I know I have days where I’d like to throw a big ole pity party. Everyone has those days (sound of glasses clinking, noisemakers honking and an unenthusiastic “Hurrah” from the crowd). I've been reading a lot of blogs lately, and I see a lot of bitching and moaning about not having enough money, not having enough creative time, being too sad (not having enough happiness), and not having enough youth (aging). Sure, there are real losses and real dramas out there.
However, most of us get some recovery time, some time to take a deep breath, wipe away a tear or two (or many), put on a happy face, and go forward until things are better.
But what if you don’t get rebound time? What if every single day was a challenge and presented you with new significant problems and your down time was nonexistent? How would you breathe deep and go to your happy place knowing that if you had one (or God forbid two) glasses of wine and your child stopped breathing you might not be alert enough to resuscitate your baby?
That’s the reality for some folks out there. They are always "on call." Some of our fellow men and women crumble under these conditions. Oh yes, they do. Some self medicate and become addicts, while others quietly implode. A few lash out (anger is the flip side of fear or pain), and others walk away. Bless all of them.
Then there are some folks that for whatever reasons, exhibit true grit, more often referred to as poise.
Poise was one of the adjectives bandied about this Olympic season. While I was impressed with the athletes and I do think they exhibit great courage, strength and sense of purpose, their competitive endeavors don’t really define poise for me the way my friend Courey does.
This young woman has it in spades. Her toddler son, Linden, has been diagnosed with an incurable condition, one that has challenged her almost every day with new medical problems. It took nearly two years to come up with a diagnosis, and the current opinion is that he has mitochondrial disease, which is rare and incurable (Oprah's friend Mattie Stepaneck, the boy who gave us HeartSongs, had a type of Mito disease). The diagnosis means he'll probably always get all his meals and fluids through a stomach tube, he'll always need oxygen and he'll always get tired. And it is fatal.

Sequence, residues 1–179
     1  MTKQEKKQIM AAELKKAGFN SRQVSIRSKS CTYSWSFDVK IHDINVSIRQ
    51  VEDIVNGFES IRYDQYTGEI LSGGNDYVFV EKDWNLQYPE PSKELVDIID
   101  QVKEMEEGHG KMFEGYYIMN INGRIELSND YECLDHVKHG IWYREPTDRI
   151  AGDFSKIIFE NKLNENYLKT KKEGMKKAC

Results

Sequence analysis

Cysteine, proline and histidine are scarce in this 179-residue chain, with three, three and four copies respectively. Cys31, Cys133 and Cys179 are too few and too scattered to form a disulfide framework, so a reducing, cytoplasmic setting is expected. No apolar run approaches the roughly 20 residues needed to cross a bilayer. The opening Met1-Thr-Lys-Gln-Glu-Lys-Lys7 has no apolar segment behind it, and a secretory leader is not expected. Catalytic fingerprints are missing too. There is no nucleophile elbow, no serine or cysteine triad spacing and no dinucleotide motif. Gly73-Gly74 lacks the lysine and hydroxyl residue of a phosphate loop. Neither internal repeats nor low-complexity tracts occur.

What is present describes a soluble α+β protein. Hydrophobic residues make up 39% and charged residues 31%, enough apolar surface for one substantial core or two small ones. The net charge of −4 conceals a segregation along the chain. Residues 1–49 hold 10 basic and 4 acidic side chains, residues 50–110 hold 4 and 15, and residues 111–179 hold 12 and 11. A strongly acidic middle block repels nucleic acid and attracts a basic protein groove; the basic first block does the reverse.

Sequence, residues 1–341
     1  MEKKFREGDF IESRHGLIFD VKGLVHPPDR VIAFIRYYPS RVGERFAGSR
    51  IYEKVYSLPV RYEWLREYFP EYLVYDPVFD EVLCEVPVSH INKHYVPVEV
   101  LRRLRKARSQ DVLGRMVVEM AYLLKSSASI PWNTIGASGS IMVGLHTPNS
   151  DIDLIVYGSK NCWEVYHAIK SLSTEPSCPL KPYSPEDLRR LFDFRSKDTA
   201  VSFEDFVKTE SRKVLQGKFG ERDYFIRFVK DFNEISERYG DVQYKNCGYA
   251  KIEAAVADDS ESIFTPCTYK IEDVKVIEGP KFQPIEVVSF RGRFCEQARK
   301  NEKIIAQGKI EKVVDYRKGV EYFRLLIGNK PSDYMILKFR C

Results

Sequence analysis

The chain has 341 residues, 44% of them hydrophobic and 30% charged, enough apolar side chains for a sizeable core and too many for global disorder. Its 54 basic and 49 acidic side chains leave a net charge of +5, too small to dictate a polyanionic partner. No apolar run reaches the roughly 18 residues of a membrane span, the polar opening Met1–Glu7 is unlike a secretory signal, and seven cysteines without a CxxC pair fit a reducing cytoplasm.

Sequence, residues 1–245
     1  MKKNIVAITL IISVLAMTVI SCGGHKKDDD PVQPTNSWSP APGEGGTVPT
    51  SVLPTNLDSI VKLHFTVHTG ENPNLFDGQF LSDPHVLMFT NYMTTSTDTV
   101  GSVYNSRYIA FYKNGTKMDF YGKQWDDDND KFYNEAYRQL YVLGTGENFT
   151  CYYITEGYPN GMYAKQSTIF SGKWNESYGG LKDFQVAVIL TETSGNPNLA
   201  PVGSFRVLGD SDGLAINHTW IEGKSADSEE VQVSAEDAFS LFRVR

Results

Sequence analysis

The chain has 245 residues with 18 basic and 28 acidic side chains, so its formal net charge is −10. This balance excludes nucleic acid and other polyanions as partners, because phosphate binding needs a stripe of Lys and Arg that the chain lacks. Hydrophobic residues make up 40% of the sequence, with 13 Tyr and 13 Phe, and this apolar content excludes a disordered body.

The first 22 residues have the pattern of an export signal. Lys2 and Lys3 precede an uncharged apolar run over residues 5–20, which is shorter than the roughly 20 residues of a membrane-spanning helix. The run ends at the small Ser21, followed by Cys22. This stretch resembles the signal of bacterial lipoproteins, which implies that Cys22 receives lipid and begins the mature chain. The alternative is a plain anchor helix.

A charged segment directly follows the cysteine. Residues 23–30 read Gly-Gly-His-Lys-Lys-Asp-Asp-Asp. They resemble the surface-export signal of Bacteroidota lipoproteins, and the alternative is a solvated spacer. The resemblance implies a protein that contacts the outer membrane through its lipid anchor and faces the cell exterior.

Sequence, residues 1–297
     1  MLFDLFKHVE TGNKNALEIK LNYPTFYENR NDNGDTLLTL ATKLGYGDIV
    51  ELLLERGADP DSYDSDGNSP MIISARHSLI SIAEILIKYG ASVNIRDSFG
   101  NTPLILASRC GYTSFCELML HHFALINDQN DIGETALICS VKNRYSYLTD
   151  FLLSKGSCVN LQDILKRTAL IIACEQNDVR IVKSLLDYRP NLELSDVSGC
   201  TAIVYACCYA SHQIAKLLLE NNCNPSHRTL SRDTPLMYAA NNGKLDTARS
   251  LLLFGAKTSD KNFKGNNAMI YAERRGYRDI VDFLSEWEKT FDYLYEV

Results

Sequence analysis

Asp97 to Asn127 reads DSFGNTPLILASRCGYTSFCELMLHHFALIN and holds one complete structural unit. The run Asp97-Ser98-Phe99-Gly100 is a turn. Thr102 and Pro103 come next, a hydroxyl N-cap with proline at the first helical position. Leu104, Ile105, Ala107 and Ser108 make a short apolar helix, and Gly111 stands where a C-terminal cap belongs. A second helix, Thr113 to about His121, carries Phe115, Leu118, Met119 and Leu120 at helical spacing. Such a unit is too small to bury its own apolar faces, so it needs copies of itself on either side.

She handles all of this, even the concern that her lovely daughter Aniyah may be somehow forgotten in this journey, with poise. She demonstrates to us in her blog that she is not a hero, but a beautifully flawed, “boring” Mom who is going to continue to do her best for her entire family. At the same time, she will seek beauty, joy and fun where ever she can. In her own words:
“We may not like it, but that is how it is, so we better just deal. So we’re taking it all a day at a time and not worrying any more about tomorrow than we have to. We love him, and he’s a happy boy, and that is all that matters to us.”
Courey even patiently educates us how to be her friend, how to treat her and her family, in the most practical and loving way.
Her August post really illustrates her poise, and that's why I nominate it for August's Perfect Post award. The monthly Perfect Post award is the dreamchild of Suburban Turmoil and Petroville.
We can learn from Courey. She shows us to look at the good things we do have, focus on the positive choices that will make the situation better, and don’t stop loving those around us. It doesn’t mean that we don’t get to cry. Or get mad. Or retreat. We can do all that, but at some point, we have to deal with our pain constructively because that’s really the only intelligent choice. Poise is hope in thoughtful and creative action, one day at a time.